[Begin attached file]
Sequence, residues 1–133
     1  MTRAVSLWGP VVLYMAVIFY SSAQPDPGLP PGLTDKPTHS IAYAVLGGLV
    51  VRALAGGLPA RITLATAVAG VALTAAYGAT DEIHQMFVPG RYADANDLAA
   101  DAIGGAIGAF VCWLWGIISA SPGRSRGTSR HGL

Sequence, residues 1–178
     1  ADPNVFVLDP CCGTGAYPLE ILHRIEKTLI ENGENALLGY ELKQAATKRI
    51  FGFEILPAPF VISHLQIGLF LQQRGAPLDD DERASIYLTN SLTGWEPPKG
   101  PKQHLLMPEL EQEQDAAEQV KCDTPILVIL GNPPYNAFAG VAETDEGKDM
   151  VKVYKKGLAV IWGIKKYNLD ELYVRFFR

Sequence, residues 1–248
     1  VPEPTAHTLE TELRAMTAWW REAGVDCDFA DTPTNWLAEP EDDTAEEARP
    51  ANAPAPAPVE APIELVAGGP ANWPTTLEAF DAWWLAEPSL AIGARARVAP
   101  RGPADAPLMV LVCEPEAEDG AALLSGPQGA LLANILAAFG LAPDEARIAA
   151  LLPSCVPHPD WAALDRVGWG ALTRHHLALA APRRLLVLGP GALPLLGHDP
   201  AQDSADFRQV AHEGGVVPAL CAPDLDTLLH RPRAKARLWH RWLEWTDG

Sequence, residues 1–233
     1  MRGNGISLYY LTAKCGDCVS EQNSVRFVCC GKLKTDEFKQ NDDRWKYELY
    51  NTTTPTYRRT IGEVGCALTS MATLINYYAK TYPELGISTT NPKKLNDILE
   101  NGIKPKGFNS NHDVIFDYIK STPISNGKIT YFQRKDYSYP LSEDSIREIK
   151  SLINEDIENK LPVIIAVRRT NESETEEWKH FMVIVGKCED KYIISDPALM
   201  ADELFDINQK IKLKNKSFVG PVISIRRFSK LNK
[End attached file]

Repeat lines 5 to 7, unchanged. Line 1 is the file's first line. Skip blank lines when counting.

Sequence, residues 1–178
     1  ADPNVFVLDP CCGTGAYPLE ILHRIEKTLI ENGENALLGY ELKQAATKRI
    51  FGFEILPAPF VISHLQIGLF LQQRGAPLDD DERASIYLTN SLTGWEPPKG